A little blues, a little rock, a lot of emotional introspection—while this is not bad as a capsule description of Chapter 4. the new EP from the “honey-coated vocalist” Hadiza Dockeray, it is just a bit reductive. This is a songstress who writes lyrics with the soul of a poet and melodies with the ear of a composer. This is a songstress who seems willing to lay herself bare musically, singing with a passion that is both sexual and spiritual. Her music is highly personal but, as in much fine art, the personal experience becomes a metaphor for the universal. The songs on this EP exude sincerity; artistic without being artificial.
Born in New York, she moved to Paris after college where she began singing jazz standards and rhythm and blues in cafes and clubs. It was after her return to New York that she began writing her own music, music that grows organically from that rich soil of jazz and blues. From the opening bluesy guitar on the EP’s first tune to the closing piano notes on the last, these are songs that build on the foundation of a long tradition.
In a world where emotional upheaval is common, what is needed is some kind of order to believe in. For some it is spiritual order, for some it is aesthetic—for the poet and songwriter Hadiza Dockeray, it is both.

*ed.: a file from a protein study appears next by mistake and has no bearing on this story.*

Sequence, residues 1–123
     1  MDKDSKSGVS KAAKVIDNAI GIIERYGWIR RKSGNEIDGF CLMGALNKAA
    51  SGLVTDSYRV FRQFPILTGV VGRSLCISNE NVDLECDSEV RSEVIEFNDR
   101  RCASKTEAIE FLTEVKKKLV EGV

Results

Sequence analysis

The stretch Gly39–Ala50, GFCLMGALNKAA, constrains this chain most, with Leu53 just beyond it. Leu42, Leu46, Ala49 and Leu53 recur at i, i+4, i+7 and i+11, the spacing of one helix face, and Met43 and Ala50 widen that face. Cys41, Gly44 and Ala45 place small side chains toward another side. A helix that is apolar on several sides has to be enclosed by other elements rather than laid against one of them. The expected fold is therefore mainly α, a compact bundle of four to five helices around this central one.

Working with a killer set of musicians, Dockeray has put together set of six tunes that run the gamut from searing guitar-backed rock to elegant infectious melody. If she seems to be moving in a pop direction, her roots are clear. “All Comes Back,” which opens the EP, is a classic evocation of what she calls “winter in the heart” featuring guitar highlights by Steve Bargonetti.
“Off the Grid” is a rocker with some powerhouse work on guitars and piano from Bargonetti, Leon Lee Dorsey, and David Pearl, not to mention the driving rhythms of drummer Rodney Harrison. “Too Long” takes a softer pop approach, but she rocks out again with “Somebody Better,” a video of which has been around for a number of years. The EP closes with the Latin-flavored tune, “The Other Voice” and an understated melodic “Break Through.”
Chapter 4 is the kind of EP that leaves you wanting more. You like what you’ve heard, and you’re disappointed there aren’t a half dozen more songs. Let’s hope Dockeray is busy working on that half dozen as we speak.